BORRI, Francesco Giuseppe – Epistolae Duae I. De Cerebi ortu & Usu Medico. II. De Artificio oculorum humores restituendi. Ad Th. Bartholinum. Copenhagen, Daniel Paulli, 1669. (4), 68 pages, with engraved title vignette and 7 woodcuts (ophthalmological instruments and eye glasses) in the text. 4to, Contemporary vellum. Some browning, title page with marginal restorations.
The first book dealing with the chemical constitution of the brain.
FIRST EDITION. The book divides in two parts. The first deals with the chemical constitution of the brain, in which Borri states, that about seventy five percent of the total weight of the human brain consists of water, the rest are fatty materials. Whilst Descartes (1662), Willis (1664) and Steno (1665) gave attention to the brain function, it was Borri who was the first to formulate a theory on the chemical constitution of the brain. Borri’s thesis obviously was affected by the uprising scientific debate on the subject. Only in 1719, Johann Thomas Hensing published his celebrated „Cerebri examen chemicum“, which applies to be the first comprehensive chemical examination of the brain. Not until in the 1950s, neurochemistry became a recognized scientific research discipline.
In the second part Borri explains his method of the restitution of the eye fluid by infusion of celandine juice, a secret which he claims to have obtained from the „English chemist“ Sir Robert Southwell. Borri’s letter is followed by illustrations of different ophthalmological instruments and eyeglasses with explanations. At the end the author’s invention is praised in a poem by the Danish physician and chemist Ole Borch.
Whilst the first part of the book was overlooked by most scientists, the second part caused quite a sensation in the ophthalmological world at the time of its appearance. Although Borri’s method was proved ineffective, it led to important discoveries in the field of ophthalmological research.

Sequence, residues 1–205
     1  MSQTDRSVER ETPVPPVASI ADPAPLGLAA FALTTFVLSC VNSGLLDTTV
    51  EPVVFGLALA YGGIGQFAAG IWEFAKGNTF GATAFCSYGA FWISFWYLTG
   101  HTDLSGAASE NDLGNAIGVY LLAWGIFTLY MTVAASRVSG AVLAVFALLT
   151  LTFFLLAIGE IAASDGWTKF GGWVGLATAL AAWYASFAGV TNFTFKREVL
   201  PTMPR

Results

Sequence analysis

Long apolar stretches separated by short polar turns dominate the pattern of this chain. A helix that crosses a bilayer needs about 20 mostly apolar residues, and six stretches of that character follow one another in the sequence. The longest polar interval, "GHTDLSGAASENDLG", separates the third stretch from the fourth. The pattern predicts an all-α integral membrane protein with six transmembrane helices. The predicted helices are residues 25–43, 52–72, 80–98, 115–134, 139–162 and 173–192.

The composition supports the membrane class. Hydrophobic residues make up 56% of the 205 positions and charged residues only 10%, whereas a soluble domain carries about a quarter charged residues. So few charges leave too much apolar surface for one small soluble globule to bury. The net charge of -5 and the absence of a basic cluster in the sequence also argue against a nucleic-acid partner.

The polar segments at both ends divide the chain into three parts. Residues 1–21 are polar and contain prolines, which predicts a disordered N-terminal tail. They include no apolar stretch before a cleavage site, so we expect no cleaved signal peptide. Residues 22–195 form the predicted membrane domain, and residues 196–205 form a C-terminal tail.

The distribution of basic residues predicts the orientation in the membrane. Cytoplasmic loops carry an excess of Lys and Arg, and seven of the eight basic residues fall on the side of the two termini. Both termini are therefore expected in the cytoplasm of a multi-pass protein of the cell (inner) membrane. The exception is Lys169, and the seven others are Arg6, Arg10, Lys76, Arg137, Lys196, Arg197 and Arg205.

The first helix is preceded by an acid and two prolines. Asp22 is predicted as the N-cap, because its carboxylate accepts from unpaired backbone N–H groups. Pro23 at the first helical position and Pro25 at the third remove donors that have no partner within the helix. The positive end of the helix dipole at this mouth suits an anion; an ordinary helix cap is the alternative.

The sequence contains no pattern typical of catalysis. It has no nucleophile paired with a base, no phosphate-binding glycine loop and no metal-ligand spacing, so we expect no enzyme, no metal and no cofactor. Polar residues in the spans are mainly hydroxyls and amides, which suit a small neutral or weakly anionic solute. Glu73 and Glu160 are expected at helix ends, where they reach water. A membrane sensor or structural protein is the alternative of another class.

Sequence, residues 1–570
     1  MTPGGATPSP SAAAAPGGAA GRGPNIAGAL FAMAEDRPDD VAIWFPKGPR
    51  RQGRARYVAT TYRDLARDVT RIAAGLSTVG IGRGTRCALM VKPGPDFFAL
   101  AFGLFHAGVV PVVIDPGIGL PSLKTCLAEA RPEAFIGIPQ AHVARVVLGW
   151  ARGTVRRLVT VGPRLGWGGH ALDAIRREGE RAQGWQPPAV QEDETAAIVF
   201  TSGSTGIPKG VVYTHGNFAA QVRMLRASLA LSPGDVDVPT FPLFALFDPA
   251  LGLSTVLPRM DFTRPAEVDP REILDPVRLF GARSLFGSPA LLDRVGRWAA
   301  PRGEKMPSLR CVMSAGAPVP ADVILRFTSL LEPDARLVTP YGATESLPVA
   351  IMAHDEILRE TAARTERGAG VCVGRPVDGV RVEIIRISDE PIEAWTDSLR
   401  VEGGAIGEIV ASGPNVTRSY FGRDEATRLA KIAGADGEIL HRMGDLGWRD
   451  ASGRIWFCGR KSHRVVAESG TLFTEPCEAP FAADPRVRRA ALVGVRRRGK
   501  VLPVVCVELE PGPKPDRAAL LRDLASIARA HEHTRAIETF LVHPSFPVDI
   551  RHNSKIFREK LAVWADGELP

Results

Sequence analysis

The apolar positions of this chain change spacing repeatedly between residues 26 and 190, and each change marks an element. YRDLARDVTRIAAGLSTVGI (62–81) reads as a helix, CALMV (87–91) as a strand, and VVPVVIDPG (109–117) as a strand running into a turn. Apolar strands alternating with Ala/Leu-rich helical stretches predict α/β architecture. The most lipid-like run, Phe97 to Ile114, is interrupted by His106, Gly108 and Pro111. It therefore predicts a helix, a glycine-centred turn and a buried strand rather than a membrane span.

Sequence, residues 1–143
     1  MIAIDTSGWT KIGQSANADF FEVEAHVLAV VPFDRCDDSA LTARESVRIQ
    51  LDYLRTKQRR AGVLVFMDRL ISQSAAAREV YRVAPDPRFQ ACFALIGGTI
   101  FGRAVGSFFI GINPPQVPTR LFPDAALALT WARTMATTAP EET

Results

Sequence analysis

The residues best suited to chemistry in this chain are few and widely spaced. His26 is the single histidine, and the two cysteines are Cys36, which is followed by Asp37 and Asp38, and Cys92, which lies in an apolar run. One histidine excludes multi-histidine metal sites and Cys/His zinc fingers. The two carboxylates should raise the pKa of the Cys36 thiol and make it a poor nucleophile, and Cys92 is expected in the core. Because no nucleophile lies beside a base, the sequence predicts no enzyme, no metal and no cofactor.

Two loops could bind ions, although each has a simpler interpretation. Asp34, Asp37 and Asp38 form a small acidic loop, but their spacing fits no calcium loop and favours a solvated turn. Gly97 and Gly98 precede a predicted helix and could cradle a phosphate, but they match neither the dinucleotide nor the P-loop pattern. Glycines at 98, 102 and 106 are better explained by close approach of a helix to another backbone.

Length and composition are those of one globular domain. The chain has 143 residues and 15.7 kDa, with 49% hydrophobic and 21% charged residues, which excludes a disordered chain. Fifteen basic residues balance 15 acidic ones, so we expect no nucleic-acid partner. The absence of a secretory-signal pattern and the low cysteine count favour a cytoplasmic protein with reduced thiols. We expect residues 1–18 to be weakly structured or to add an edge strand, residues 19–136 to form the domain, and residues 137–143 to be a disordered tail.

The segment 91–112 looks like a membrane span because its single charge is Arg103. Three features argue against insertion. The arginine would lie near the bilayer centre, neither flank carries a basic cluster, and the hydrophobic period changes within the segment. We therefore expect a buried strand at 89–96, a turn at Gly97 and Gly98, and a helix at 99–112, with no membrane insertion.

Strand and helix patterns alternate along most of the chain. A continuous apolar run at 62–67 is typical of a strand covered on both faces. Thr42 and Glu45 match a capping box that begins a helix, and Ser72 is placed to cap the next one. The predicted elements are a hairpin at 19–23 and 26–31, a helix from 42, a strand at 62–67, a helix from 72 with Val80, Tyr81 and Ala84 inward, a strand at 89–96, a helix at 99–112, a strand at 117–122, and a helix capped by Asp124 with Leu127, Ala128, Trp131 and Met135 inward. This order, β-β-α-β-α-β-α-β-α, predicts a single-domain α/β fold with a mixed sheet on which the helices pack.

Giuseppe Francesco Borri (1627 Milan – 1695 Rome) was an Italian adventurer, alchemist, prophet and doctor. He was a pupil of Athanasius Kircher at the Jesuit Seminary in Rome. As leader of a student revolt, he was expelled from the school in 1649. He became page in the Vatican and by the way studied alchemy and chemistry, in doing so he had contacts with the alchemy-promoting nobleman Massimiliano Palombara and Queen Christina of Sweden. After a cholera outbreak in 1656, he moved to Milan. He ranged in Quietist circles, was accused by the Inquisition and fled to Switzerland in 1659. He was convicted in absentia and burned symbolically on the Campo di Fiore in Rome in 1661. From 1660 on he lived in Amsterdam where in 1661 he became an honorary citizen and made friends with Ole Borch. In 1654 or 1655 he moved to Copenhagen, where he successes at the court of Frederick III. He also received support from Christina of Sweden. After the accession of Christian V in 1670 his reputation sank and he wanted to travel via Austria to Turkey. He was arrested in Moravia and extradited to the pope by Emperor Leopold I, who had him imprisoned in the Castle of St. Angelo. From 1678 he was allowed to move relatively freely and practiced as a doctor. After the death of Christina of Sweden in 1689, his privileges were revoked and he was imprisoned again in 1691 in the Castle of St. Angelo, where he died in 1695 from malaria.
According to Michael White in Isaac Newton: The Last Sorcerer, Sir Isaac Newton attempted to contact Borri in 1669, through his friend Francis Ashton.
Hirschberg §319 (note); Wellcome II, p. 206; Not in Cushing, Osler, Waller nor in Cat. of Brit. Optical Assn.
on Borri: G. Cosmacini, Il medico ciarlatano. Vita inimitabile di un europeo del Seicento, Bari 2001; L. Roscioni, La carriera di un alchimista ed eretico del Seicento: Francesco Giuseppe Borri tra mito e nuove fonti, in: Dimensioni e problemi della ricerca storica in età moderna, 2010, volume 1, p. 149–186; Bornia, La porta magica di Roma, Genova 1983; L. Pirrotta, La porta ermetica, un tesoro dimenticato, Roma 1979; Ersch/Gruber, Allgemeine Encyclopädie der Wissenschaften und Künste, volume XII, p. 48-51.